the high arctic

For a few short months of the year, winter loosens its grip on the most extreme latitudes in the Northern Hemisphere, and allows a stunning diversity of arctic life to flourish. Whales and seabirds travel thousands of miles to reap the high arctic’s summer feast of schooling fish and krill. Millions of tiny insects emerge from the ground as snow banks recede, and dense mats of moss-campion and arctic saxifrage blanket the rugged tundra. A staggering abundance of summer life is the norm.


"In the misty peaks far overhead, the silhouettes of several thousand black-legged kittiwake can just be made out. Dense colonies of these birds, always in the rockiest and most inaccessible areas, are like beacons to predators, and a few of us glimpse an arctic fox, sooty brown in its summer coat, skirting between boulders below. In a few weeks time, kittiwake chicks will be leaving the nests — foxes must be cunning hunters if they are to feed their dozen-or-so hungry pups! Far below the colony, the ground is lush and green, fertilized all summer long by the droppings of the birds above. Reindeer are well-camouflaged against the rocks and lichen, though we make out several before heading to the glacier. We spend the final moments of our excursion surrounded by icebergs, and enjoy the atmosphere of this incredible place."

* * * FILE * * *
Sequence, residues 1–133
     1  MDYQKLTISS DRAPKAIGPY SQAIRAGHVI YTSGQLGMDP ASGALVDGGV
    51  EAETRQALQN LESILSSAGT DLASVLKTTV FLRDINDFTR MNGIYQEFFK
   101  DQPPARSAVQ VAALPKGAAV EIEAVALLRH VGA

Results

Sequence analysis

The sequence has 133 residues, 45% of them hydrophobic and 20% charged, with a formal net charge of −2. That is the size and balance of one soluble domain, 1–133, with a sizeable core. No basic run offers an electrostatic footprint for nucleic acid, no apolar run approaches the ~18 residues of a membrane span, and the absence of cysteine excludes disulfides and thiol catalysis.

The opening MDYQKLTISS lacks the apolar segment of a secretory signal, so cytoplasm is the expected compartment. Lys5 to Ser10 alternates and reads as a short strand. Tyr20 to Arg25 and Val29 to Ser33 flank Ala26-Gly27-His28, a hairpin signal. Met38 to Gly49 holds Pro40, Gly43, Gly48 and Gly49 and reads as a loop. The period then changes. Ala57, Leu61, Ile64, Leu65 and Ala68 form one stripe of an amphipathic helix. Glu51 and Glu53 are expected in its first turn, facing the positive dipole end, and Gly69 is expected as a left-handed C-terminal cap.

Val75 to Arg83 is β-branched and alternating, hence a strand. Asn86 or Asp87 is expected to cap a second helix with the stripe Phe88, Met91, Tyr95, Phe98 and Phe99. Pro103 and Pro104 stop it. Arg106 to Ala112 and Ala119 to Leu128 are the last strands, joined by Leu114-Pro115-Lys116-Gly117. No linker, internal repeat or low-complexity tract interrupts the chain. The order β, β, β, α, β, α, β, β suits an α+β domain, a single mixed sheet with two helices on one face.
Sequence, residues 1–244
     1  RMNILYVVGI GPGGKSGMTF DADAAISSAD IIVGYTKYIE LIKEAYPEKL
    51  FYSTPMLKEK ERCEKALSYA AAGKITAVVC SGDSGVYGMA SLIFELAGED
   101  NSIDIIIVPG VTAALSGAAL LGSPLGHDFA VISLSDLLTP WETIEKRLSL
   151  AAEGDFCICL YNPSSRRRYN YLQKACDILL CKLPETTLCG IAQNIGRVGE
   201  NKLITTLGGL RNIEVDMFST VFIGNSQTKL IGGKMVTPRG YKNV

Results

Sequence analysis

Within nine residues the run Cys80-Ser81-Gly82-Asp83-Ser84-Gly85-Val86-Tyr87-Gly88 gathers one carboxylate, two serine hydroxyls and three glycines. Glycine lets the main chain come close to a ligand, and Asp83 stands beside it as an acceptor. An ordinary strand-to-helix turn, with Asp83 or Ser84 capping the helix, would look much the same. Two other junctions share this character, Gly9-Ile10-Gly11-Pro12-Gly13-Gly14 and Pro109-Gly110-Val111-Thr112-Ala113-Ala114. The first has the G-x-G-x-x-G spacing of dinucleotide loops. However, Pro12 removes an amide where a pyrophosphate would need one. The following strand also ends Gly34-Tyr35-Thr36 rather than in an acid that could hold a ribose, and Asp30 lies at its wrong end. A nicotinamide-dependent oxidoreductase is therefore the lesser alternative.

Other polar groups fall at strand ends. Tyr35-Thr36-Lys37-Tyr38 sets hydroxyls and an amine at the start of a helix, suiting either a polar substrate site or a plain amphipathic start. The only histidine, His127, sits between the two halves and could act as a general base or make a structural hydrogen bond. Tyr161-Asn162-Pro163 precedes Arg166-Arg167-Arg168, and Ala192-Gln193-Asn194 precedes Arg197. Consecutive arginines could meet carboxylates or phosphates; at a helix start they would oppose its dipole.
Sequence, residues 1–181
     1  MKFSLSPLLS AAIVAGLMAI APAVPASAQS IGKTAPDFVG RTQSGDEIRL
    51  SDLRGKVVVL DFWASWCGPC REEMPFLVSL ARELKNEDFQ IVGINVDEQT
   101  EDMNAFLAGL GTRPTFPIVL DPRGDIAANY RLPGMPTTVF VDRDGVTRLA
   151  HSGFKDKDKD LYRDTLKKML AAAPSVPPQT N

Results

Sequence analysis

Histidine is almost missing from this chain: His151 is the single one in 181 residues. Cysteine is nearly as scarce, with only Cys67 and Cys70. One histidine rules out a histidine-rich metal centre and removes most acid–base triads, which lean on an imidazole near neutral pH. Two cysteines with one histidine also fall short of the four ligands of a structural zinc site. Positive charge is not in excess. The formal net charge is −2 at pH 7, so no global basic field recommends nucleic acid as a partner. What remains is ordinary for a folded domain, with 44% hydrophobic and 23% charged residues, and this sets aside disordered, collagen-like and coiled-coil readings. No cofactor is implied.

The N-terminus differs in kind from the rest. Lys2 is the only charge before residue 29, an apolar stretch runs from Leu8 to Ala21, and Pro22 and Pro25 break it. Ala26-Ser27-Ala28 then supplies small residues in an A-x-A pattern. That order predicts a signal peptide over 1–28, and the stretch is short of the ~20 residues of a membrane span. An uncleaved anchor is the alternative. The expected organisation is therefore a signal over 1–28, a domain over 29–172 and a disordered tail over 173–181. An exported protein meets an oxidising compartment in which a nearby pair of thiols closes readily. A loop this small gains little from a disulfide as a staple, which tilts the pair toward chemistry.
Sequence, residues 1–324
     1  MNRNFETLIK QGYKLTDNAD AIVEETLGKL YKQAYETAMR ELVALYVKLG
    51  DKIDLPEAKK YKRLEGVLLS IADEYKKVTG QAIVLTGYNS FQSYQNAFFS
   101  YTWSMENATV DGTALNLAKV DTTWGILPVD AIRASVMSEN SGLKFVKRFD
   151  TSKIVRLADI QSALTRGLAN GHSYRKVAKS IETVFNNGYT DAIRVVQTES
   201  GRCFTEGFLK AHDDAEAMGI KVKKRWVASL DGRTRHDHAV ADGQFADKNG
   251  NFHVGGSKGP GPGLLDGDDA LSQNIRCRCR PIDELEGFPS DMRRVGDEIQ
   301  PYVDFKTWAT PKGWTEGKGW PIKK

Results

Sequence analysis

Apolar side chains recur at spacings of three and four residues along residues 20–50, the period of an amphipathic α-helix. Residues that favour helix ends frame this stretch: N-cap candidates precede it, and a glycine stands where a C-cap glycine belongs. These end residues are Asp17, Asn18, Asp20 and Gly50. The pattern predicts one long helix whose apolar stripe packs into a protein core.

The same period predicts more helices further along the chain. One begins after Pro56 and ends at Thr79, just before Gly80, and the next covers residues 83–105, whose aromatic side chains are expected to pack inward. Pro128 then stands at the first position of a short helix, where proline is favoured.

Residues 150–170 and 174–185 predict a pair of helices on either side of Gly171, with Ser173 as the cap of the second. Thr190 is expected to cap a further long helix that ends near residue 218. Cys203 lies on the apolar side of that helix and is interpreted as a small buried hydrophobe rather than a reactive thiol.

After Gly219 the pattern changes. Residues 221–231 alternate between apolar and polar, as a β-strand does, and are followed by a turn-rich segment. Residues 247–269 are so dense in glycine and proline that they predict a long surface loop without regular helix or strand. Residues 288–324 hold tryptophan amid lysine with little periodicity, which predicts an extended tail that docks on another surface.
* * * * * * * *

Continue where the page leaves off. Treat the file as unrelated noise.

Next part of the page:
— Journal Entry, 7.19.17 Fjortende Julibreen, Svalbard


Arctic travel has become more possible than ever as annual temperatures steadily rise — fjords and channels once choked with sea ice are now open throughout much of the year. These changes are felt not only by the region’s rich wildlife, but also the four million or so human inhabitants living above the Arctic Circle.


Artwork Inspired by The Arctic